Meet new turkey farmers in the U.S.'s largest turkey-producing county
If you want to know where your turkey comes from this holiday season, get to know a turkey farmer. On our AgweekTV "Thankful for Ag" episode on Nov. 24, I'll introduce you to Chris Huisinga. Here's some of the backstory:
After years of working corporate jobs, Chris and his wife Joi pursued a way to move their family back to Chris's roots of turkey farming. Chris has more than 70 years of turkey farming in his family history. To join that legacy, Chris and Joi started a new farm and put their first flock into an empty barn on Aug. 1, 2017.
Today they reside in a quaint brick farmhouse they're remodeling — a place they first lived the first summer they were married as young 20-somethings. Fast forward a couple decades and they're back to where they started as a couple, only now with their two teenage kids and turkey barns in the yard. The farm has been in the Huisinga family for over a century, and the home was built in 1927.
Chris and I visited in the Huisinga living room. Joi was preparing for friends to come over for supper that evening and making homemade turkey pot pie. I snapped a picture of her recipe and hope she'll share it in Agweek soon.
Choosing to farm or ranch is not an easy decision. Choosing animal agriculture of any type is time intensive and, most of all, financially intensive. Chris said they are very financially "leveraged" now, and every decision they make over the next 10 years will make them "squeak" from being fiscally conservative to make it in the turkey farming business. I never had met the Huisingas before this farm visit, but my farming admiration and pride grew listening to each of them share their stories.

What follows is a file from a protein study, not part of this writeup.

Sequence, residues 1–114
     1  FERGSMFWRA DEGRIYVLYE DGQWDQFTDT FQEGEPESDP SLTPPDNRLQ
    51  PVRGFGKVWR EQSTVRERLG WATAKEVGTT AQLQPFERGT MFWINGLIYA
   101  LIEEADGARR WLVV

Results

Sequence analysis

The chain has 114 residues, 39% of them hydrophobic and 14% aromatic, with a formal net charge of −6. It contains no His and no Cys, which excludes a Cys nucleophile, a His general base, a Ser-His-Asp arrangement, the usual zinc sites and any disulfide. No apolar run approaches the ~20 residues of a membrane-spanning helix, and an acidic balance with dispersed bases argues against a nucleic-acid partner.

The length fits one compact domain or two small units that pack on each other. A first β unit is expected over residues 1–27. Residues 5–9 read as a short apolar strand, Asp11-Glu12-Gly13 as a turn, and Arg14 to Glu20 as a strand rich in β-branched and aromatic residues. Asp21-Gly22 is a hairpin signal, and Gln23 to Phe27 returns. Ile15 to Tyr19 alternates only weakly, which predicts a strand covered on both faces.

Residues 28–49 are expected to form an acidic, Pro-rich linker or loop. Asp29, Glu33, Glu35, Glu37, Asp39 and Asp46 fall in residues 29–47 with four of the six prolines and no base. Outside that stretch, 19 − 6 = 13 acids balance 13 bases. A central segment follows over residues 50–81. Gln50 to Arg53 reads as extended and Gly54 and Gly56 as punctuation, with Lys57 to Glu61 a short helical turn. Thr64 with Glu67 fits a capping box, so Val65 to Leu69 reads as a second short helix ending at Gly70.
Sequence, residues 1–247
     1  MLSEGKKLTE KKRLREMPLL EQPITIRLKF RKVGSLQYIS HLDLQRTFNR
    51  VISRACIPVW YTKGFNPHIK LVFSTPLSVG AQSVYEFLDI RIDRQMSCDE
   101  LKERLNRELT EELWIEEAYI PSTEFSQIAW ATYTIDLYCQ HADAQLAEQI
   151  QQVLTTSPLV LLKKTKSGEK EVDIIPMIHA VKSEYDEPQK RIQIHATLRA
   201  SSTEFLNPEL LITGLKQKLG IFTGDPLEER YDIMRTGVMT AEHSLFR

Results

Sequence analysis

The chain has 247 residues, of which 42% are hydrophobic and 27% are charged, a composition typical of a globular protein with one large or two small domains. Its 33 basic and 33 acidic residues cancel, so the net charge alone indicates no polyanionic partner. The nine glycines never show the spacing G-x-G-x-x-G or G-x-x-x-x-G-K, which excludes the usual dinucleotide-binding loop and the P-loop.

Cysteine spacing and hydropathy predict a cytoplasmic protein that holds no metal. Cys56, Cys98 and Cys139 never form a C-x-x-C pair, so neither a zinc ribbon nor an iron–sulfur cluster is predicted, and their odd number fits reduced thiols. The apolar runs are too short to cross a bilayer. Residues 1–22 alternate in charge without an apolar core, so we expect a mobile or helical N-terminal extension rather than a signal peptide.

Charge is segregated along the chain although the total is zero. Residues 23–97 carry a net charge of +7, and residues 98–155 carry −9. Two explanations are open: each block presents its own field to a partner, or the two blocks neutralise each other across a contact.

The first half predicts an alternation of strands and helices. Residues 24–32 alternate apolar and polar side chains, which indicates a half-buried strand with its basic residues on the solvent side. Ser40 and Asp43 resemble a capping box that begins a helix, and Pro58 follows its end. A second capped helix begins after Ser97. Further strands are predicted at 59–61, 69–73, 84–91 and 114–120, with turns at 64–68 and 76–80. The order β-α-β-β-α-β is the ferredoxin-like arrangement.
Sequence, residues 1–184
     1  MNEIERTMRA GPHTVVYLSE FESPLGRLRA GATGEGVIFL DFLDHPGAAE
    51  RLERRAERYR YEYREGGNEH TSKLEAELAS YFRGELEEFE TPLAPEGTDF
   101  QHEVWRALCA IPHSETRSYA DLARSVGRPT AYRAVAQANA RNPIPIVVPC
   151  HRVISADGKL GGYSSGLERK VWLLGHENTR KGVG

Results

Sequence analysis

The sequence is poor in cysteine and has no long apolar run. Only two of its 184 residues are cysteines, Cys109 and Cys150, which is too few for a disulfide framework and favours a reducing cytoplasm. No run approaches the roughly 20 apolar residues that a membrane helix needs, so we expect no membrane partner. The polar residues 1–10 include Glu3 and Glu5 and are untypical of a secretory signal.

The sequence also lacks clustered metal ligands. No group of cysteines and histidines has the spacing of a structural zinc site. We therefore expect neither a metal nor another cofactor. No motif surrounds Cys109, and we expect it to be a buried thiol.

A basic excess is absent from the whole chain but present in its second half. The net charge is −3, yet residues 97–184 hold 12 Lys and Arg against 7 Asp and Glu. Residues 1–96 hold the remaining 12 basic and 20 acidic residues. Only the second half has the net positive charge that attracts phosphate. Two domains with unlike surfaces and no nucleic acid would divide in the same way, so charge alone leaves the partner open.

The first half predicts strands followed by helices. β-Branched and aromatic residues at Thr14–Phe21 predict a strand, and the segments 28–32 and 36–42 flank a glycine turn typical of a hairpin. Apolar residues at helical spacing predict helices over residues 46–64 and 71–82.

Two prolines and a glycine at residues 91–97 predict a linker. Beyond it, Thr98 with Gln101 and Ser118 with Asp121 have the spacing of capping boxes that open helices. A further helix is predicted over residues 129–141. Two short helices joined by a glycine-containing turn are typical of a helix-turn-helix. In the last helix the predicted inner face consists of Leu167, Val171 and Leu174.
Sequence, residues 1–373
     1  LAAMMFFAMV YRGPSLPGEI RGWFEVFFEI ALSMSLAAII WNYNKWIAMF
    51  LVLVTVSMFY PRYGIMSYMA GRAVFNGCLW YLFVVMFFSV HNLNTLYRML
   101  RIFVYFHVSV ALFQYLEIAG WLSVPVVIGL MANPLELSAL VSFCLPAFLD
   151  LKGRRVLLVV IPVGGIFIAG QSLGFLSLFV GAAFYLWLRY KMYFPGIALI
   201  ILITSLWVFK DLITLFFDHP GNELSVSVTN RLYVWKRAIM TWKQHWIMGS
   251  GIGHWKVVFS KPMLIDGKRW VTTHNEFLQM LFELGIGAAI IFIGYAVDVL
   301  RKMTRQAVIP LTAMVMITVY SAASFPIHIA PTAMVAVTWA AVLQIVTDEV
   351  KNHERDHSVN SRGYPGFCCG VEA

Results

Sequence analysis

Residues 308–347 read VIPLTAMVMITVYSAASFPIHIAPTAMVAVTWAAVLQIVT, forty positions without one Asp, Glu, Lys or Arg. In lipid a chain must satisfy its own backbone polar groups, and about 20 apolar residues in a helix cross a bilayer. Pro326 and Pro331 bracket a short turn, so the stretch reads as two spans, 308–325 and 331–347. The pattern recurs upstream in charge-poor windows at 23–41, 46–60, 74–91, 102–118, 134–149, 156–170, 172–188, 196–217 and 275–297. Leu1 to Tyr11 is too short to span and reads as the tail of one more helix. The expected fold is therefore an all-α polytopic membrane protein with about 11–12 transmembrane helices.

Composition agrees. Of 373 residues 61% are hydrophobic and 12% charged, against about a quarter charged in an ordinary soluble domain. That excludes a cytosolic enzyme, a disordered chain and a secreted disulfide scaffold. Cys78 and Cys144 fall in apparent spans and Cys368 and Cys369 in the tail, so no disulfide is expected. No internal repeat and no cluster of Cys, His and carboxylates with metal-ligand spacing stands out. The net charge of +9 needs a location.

Chris shared about how he works with nutritionists to provide optimal nutrients to his turkeys to grow and stay healthy. They eat vitamins, trace minerals and primarily corn and soybeans. The diet changes as the birds grow. The key to growing turkeys is bird health.
"Healthy birds are happy birds. And happy birds are going to grow well," Chris said.
You don't see turkeys roaming the Huisinga farmyard. They are safely tucked into turkey barns with strict biosecurity guidelines to prevent disease and avoid predators. Chris said turkeys need "clean, warm air, good, clean water, access to quality feed." On the day AgweekTV's Trevor Peterson and I visited the Huisinga farm, the windchill was 3 F. Chris shared that turkeys have "tight parameters" when it comes to temperature changes. Chris had been up at 3 a.m. that day to fix a heater in a barn. An alarm had alerted him to the problem. A farmer sacrifices for their farm, and that is any hour of the day, I was reminded.
If you're going to venture into turkey farming, I think Kandiyohi County, Minn., is one of the best places to start. Kandiyohi County leads the nation in turkey production, and Minnesota leads the nation in turkeys.
Chris and Joi both had education and work experience outside of agriculture. They lived in other places and experienced the corporate world. I think their management experience combined with purpose and passion will make them not only successful turkey farmers but leaders for a next generation thinking about going back to their roots of agriculture or starting as first-generation farmers.
Knowing where your food comes from matters. Chris said to me no matter where we are located in the Upper Midwest of the U.S., most likely your turkey was raised within 100 miles of you. And even if my turkey this holiday season was raised farther away from me than that, it doesn't matter to me. Turkey farmers like Chris and Joi Huisinga have my appreciation and respect. I am thankful for the food choices they provide.